There's certainly a profound and valuable documentary to be made about our eldest living senior citizens. Sadly, "Walter: Lessons From the World's Oldest People" isn't it.
Filmmaker Hunter Weeks, largely accompanied by producer-fiancée Sarah E. Hall, travels across America, Cuba and Italy to meet a handful of supercentenarians — that is, people 110 years old or more. It's a singular, noble effort for sure. But Weeks and Hall, concurrently going through their own life transitions, hog so much screen time with facile observations, stagy reactions and, yes, food consumption, that their venerable subjects often take a backseat.
As for the supercentenarians here, some — Walter Breuning (at 114, then the world's oldest living man), Mary Tankursley, Ruth Anderson and Sister Cecilia Guadette — are remarkable for their ability to still converse, recall and charm (mobility seems another matter). Others, though, such as Tennessee-born Besse Cooper (115) and rural Cuba's Juana Bautista (a disputed 126!) appear so much more acutely compromised that their presence in front of Weeks' eager cameras sadly creates a kind of sideshow effect.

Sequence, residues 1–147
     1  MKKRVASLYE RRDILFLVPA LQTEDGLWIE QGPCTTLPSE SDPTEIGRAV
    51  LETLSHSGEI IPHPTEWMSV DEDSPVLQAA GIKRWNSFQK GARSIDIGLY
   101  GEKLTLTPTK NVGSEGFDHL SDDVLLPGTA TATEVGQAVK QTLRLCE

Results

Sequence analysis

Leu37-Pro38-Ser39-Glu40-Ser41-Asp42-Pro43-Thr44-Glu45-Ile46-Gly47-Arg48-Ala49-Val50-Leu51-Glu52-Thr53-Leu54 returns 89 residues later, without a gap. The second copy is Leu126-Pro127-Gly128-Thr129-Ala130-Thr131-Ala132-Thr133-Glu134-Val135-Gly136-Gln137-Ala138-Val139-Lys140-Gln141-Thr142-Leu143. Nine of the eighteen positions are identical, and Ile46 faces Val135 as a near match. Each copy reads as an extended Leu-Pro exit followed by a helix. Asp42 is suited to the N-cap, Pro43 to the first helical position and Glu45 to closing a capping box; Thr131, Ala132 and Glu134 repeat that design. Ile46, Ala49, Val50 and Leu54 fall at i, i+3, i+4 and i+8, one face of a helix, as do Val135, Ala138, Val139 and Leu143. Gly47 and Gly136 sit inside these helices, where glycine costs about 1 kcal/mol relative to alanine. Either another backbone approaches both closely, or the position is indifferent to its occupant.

Perhaps most troubling is the dearth of big-picture historical context and support visuals, with Weeks over-relying on brief testimony from his fragile stars and, in some cases, their family members plus a few local historians.
That it's all not more genuinely moving further confirms "Walter's" missed boat of real depth and greater purpose. We are, however, treated to footage from Weeks' and Hall's wedding so, y'know, sniffle all you want.
'Walter: Lessons From the World's Oldest People'
MPAA rating: None
Running time: 1 hour, 23 minutes.
Playing: At Laemmle's Town Center 5, Encino; Saturday and Sunday mornings only at Laemmle's Music Hall, Beverly Hills.